Ten Days That Shook the World is a book by the American journalist and socialist John Reed about the October Revolution in Russia in 1917, which Reed experienced firsthand. Reed followed many of the prominent Bolshevik leaders closely during his time in Russia. John Reed died in 1920, shortly after the book was finished, and he is one of the few Americans buried at the Kremlin Wall Necropolis in Moscow, a site normally reserved only for the most prominent Soviet leaders.
John Reed was on an assignment for The Masses, a magazine of socialist politics, when he was reporting the Russian Revolution. Although Reed states that he had ''tried to see events with the eye of a conscientious reporter, interested in setting down the truth'' during the time of the event, he stated in the preface that ''in the struggle my sympathies were not neutral'' (since the book leans towards the Bolsheviks and their viewpoints). Before John Reed left for Russia, the Espionage Act was passed on June 15, 1917, which fined and imprisoned anyone who interfered with the recruiting of soldiers and prohibited the mailing of any newspaper or magazine that promoted such sentiments.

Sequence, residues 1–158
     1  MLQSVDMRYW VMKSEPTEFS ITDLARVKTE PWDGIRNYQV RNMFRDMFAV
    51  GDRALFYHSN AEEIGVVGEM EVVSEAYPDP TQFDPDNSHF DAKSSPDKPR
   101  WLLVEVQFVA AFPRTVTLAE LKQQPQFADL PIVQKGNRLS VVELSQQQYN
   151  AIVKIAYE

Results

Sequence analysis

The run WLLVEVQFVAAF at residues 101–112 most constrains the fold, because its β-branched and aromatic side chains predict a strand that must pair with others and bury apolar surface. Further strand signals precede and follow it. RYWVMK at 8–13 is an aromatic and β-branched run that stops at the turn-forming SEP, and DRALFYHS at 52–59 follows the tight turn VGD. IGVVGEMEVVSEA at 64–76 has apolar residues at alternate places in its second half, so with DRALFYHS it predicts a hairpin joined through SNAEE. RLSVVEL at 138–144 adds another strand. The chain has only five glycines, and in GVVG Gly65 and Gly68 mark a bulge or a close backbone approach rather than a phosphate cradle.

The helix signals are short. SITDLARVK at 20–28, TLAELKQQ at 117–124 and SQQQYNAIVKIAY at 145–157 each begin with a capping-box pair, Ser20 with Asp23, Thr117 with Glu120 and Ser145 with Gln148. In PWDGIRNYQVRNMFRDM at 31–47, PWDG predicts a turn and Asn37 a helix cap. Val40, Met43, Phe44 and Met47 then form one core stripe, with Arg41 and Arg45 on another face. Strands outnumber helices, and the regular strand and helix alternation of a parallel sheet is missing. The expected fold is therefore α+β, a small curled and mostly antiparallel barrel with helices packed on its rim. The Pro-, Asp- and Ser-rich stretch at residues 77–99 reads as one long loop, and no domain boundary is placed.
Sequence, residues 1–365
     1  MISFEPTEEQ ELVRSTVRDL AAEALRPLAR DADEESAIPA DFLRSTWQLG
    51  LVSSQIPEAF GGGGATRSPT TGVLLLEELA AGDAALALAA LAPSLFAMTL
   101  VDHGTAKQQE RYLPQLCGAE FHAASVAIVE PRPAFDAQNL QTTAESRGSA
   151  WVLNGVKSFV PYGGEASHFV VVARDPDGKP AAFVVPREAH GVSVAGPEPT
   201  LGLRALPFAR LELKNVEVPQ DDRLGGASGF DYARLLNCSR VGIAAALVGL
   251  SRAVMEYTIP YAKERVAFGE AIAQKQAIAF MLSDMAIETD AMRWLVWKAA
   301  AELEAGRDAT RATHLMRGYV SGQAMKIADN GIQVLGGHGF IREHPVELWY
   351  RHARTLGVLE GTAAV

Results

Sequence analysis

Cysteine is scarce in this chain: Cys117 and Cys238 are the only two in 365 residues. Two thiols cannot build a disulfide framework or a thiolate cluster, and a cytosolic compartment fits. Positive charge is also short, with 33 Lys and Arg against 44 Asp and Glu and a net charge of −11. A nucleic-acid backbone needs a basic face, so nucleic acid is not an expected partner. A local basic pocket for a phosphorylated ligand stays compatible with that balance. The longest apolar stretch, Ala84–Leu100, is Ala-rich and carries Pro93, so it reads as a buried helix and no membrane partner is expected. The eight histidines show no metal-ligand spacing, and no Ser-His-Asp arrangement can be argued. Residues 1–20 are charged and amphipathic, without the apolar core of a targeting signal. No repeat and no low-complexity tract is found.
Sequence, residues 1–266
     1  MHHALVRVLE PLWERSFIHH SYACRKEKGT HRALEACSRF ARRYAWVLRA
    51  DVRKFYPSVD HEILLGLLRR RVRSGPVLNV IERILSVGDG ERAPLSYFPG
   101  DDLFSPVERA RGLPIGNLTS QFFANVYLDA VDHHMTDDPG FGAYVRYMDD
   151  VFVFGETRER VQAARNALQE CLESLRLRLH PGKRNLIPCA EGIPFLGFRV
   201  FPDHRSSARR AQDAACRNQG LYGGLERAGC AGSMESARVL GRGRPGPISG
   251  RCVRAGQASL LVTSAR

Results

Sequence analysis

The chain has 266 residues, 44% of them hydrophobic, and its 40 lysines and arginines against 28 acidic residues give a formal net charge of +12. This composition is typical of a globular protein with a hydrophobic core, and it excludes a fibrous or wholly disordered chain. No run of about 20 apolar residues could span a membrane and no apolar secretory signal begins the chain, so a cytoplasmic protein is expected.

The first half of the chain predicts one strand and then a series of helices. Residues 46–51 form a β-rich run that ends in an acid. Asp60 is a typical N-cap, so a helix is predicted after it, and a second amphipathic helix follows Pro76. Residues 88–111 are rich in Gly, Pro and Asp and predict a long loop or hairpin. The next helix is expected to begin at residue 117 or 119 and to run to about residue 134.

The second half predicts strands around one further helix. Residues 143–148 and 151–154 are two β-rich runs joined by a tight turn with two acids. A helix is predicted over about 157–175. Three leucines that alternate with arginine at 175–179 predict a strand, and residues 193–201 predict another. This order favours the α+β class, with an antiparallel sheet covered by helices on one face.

The U. S. Postal Service was also given leave to deny any mailing that fitted these standards from further postal delivery, and then to disqualify a magazine because it had missed a mailing and hence, was no longer considered a regular publication. Because of this, The Masses was forced by the United States federal government to cease publication in the fall of 1917, after refusing to change the magazine's policy against the war. The Liberator, founded by Max Eastman under his and his sister's private control, published Reed's articles concerning the Russian Revolution instead. In an effort to ensure the magazine's survival, Eastman compromised and tempered its views accordingly.
Upon returning from Russia during April 1918 from Kristiania in Norway, after being barred from either traveling to the United States or returning to Russia since February 23 by the State Department, Reed's trunk of notes and materials on the revolution—which included Russian handbills, newspapers, and speeches—were seized by custom officials, who interrogated him for four hours over his activities in Russia during the previous eight months.
Michael Gold, an eyewitness to Reed's arrival to Manhattan, recalls how ''a swarm of Department of Justice men stripped him, went over every inch of his clothes and baggage, and put him through the usual inquisition. Reed had been sick with ptomaine on the boat. The inquisition had also been painful.'' Back home during mid-summer 1918, Reed, worried that ''his vivid impressions on the revolution would fade,'' fought hard to regain his papers from the possession of the government, who refused to return them.